The photo is evidence that liquids may exist on the surface of other planets and moons, not just frozen lakes. And liquid is more likely habitat for extraterrestrial life.
Among the pictures snapped by the Huygens probe after landing on Saturn's moon Titan in 2005, one appears to show a dewdrop made of methane that briefly formed on the edge of the probe itself (indicated by arrow at bottom of image on right). Scientists think heat from the probe caused humid air to rise and condense on the cold edge of the craft.
Though Huygens may have helped produce it, the methane drop is still the first liquid directly detected at a surface anywhere beyond Earth.
Like Earth, Titan has clouds, lakes and river channels, and it may be the only other place in the solar system where liquid evaporates from the surface and returns as rain. "Aside from Earth, it's the most exciting world there is," said lead author Erich Karkoschka of the University of Arizona in Tucson.
The Cassini space probe, which took data from above the moon after separating from the Huygens lander, detected what scientists believe are lakes of liquid methane on Titan's surface. Microbes that eat methane thrive on Earth, and scientists think pools of methane could be comfortable homes for similar organisms on Titan.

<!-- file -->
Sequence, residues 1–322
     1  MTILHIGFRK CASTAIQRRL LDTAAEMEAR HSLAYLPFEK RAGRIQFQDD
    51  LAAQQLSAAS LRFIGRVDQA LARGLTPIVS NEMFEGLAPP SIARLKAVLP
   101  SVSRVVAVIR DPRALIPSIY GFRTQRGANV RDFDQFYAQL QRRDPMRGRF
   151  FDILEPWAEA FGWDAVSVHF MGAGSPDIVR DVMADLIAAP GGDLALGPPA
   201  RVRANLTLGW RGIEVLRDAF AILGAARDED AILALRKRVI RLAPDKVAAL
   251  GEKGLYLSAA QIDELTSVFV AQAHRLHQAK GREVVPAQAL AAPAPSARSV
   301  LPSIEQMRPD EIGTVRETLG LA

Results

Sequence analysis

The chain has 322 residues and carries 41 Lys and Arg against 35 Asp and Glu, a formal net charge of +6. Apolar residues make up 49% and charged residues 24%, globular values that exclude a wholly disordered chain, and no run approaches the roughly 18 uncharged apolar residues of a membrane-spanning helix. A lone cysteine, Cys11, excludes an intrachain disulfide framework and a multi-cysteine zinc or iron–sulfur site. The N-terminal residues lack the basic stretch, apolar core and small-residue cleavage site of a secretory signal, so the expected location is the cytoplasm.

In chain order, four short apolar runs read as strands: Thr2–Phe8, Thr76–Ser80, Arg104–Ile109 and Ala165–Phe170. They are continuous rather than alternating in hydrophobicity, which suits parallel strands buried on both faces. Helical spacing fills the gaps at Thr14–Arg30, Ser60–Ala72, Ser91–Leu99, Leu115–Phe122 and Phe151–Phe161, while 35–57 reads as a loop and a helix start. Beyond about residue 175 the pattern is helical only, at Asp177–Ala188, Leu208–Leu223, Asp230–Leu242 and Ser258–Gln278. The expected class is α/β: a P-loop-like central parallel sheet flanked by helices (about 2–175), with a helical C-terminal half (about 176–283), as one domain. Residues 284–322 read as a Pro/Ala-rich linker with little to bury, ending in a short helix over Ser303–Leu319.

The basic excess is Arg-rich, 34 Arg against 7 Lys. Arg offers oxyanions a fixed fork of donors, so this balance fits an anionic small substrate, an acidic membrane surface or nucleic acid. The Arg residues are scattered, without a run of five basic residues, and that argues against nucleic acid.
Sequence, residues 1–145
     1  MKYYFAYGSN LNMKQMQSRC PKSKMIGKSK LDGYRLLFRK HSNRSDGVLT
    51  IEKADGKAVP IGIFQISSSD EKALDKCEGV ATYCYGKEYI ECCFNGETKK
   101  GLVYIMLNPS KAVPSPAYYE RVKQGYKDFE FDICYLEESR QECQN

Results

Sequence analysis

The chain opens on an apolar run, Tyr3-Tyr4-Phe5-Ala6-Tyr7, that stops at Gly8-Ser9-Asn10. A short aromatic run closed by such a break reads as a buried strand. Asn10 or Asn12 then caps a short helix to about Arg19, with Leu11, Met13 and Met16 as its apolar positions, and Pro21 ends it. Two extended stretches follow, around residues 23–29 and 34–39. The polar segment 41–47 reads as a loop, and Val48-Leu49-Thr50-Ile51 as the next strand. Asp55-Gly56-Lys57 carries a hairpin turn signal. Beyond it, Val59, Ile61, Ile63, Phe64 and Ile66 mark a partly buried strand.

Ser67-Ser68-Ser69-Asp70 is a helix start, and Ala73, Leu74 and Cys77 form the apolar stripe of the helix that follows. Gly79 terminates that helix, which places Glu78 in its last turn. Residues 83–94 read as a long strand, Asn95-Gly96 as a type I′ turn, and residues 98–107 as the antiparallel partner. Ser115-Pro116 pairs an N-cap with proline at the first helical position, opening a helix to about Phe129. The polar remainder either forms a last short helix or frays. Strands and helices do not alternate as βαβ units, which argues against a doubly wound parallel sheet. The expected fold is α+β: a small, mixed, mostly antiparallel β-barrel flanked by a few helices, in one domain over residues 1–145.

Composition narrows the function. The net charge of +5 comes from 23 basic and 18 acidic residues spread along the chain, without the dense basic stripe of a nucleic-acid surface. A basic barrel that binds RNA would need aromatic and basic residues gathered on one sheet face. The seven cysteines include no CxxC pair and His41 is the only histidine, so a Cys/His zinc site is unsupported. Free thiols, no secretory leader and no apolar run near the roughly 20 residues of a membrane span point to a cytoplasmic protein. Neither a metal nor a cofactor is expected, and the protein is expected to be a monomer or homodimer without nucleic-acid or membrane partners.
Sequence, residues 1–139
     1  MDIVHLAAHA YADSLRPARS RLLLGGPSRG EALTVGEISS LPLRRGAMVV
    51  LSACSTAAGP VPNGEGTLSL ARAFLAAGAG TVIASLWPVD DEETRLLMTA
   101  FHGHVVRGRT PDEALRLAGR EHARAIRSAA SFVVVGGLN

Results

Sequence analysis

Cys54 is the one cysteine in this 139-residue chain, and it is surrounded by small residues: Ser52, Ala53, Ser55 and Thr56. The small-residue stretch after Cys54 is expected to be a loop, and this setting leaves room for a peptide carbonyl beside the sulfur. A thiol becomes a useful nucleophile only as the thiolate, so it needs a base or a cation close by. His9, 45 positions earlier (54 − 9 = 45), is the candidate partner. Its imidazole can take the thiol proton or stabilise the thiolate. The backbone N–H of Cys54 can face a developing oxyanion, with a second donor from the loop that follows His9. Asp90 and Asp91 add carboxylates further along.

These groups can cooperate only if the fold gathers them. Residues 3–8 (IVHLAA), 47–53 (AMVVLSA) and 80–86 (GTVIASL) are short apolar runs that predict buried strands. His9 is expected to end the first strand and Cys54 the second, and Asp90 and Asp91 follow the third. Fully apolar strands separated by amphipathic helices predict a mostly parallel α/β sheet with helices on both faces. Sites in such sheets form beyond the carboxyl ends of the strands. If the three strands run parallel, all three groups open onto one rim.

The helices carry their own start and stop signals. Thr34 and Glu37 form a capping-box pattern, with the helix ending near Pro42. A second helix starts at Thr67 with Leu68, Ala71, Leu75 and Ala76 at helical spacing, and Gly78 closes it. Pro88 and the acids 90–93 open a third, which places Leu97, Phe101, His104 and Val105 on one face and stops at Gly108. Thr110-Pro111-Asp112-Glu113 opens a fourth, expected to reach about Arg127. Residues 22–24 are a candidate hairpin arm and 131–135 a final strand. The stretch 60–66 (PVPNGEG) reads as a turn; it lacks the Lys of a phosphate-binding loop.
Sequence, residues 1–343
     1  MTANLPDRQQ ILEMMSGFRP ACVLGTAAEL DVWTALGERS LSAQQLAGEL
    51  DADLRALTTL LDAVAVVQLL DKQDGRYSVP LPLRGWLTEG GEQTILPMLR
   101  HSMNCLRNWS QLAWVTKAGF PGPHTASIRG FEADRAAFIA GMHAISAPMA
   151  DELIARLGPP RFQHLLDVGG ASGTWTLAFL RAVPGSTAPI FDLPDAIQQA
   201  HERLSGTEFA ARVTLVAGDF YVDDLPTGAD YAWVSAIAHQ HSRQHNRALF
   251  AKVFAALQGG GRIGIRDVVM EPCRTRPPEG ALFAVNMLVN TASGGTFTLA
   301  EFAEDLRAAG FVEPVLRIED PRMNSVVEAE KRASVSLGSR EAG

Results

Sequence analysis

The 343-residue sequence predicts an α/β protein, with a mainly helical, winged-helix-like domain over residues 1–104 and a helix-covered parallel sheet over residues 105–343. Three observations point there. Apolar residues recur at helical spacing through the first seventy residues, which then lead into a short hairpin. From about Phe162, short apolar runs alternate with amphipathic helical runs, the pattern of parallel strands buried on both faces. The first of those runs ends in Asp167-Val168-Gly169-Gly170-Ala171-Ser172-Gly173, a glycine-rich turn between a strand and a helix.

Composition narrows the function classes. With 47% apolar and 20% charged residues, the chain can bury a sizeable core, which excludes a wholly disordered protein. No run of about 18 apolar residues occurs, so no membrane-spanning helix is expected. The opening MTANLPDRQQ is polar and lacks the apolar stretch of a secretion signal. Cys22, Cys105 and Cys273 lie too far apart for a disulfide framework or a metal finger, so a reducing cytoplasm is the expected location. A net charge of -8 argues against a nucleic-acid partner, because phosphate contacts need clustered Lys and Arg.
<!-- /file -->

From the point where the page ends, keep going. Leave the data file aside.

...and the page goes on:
Because Titan's current atmosphere is a lot like the early Earth's, the lakes could be a lab for studying the origins and early evolution of life.
Astronomers have speculated since they found methane in the atmosphere in 1983 about whether the moon's methane rain falls in violent thunderstorms, light drizzles or some other form. So far, no one has caught it on camera.
The hundreds of images snapped by Huygens, from the time it hit the atmosphere until its power ran out an hour after it landed, revealed only faint, wispy clouds that looked nothing like rain clouds, Karkoschka said.
None of the images showed evidence that it had rained during the previous few years, according to an analysis to be published in the journal Icarus. And some images suggested that Titan’s lower atmosphere was full of small dust particles, which would have been cleared out by rain.
But the scientists noticed light splotches in some of the pictures that hadn't been there moments before. Some of them had spots that initially looked like raindrops because of their uniform size and smooth edges, but analysis showed they were most likely electronic imprints created by cosmic rays.
However, Karkoschka said, "One of those spots was so big that it really cannot be a cosmic ray." He concluded that it was a real, short-lived dewdrop, so close to the camera that it must have condensed on a cold metal shield designed to protect the camera lens from direct sunlight.
Robert West, a planetary scientist at the Jet Propulsion Lab in Pasadena, California, thinks the dewdrop is "a cute observation," but he's more interested in the lack of rainfall. "There are reports in the literature that concluded there is a drizzle going on near the surface," he said. "The fact that Huygens didn’t find anything is significant."
— Lisa Grossman for Wired.com